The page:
As the game progresses, enemy magic becomes much more powerful, requiring that you use your own spells to counterbalance theirs. At any point, you can revisit previous areas, using new powers to unlock previously inaccessible areas and find new bonuses. This is heavily advised, because outside of a single area near the end of the game, the enemy encounters are static, and there’s no way to grind. There’s no real way to completely overpower most of the battles in this game anyway, though being able to absorb an extra hit or do a little bit more damage to a frozen enemies can potentially be the narrow difference between victory and defeat. Taken altogether, the combat is exciting, constantly challenging you while providing the very simple thrills of carving monsters to bits while harvesting their organs for strength, and the exploration is equally as entrancing. The animation is a little odd at first – though you can turn a full 360 degrees and move on 90 degree blocks, there’s a strange facing effects with each square you move. While disorienting to anyone familiar with newer dungeon crawlers like Etrian Odyssey or Legend of Grimrock, it does add in the ethereal nature of the world, even if that’s not its intended purpose.
But the world design is one of the main reasons why Severed is so fascinating. It borrows the bountiful color scheme and angular character designs of Drinkbox’s previous game, Guacamelee, though this time it’s influenced by Aztec lore rather than Mexican wrestling. The exterior areas glow with shades of yellow and purple; even the relatively standard dungeons and caves are represented with radiant hues. But the vibrancy also contrasts with the violent nature of the setting, where death is common and fallen foes explode in messes of blood and gore. The plot has similar disparities – your main companion, if one could call him that, is a two headed crow, who pops by every once in awhile to make foreboding proclamations or poke fun at the heroine’s dark fate.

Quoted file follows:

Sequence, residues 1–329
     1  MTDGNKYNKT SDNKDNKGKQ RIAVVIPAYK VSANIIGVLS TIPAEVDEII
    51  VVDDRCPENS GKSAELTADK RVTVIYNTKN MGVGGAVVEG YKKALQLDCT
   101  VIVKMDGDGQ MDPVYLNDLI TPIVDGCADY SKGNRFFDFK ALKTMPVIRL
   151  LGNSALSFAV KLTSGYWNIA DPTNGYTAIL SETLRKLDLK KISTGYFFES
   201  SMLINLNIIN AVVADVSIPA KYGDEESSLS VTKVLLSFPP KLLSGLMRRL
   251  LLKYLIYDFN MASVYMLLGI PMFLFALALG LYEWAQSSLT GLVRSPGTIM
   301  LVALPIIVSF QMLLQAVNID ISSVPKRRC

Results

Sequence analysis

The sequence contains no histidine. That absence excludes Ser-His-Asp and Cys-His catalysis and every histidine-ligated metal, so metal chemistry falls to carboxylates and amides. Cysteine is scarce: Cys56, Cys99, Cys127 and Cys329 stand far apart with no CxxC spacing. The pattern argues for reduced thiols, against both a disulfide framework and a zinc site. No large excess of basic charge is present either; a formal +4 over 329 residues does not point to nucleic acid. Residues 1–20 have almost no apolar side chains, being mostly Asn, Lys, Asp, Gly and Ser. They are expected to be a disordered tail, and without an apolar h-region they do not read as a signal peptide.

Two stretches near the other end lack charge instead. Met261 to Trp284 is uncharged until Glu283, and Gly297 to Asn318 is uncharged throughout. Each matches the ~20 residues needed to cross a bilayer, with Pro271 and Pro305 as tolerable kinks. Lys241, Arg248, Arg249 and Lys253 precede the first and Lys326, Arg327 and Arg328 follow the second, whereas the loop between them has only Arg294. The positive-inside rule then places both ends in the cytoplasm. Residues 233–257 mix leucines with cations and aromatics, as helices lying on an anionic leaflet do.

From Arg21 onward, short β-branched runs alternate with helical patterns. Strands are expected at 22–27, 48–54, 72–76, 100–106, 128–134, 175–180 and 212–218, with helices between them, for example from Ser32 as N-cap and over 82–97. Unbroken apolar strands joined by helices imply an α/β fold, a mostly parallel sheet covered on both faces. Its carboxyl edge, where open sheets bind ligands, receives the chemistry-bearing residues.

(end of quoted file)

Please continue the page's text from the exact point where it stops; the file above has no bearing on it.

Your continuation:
The journey is accompanied by a soundtrack courtesy of Yamantaka // Sonic Titan, with quiet guitars and rattles that set the tone for the explorations, with chanting vocals that are layered in with the more intensive battle theme variations. It changes depending on your location, and it makes the first person dungeon diving even more entrancing.
Sasha, as a character, doesn’t speak, and given that you view most of the game through her eyes, is seen only on the status menu and in the brief cutscenes. But she’s such a badass character, starting first as a simple village girl with just a sword and steely eyed gaze of determination, eventually assembling all of the equipment that turns into a demon carving machine by the game’s finale.
The overall adventure isn’t terribly long – expect 6-8 hours, even including backtracking to find old stuff – but every new area is entrancing, and the combat keeps throwing new gimmicks at you so it never becomes tiresome. Severed is a brilliant game, and one that works to dispel the nature that touch screen-focused games can be far more than mere casual fodder.
Severed was first released on the Vita, though a stylus is recommended for some of the more precise swipes. The 3DS version suffers from lower resolution visuals and a tighter, square shaped touchscreen. In the Wii U version, you’ll be spending all of the combat staring at the rather poor tablet screen, which degrades the visuals. The mobile phone versions are perfectly playable, though the D-pad on the other versions makes turning during combat much easier. The Switch version is the same as the Vita version but at a higher res.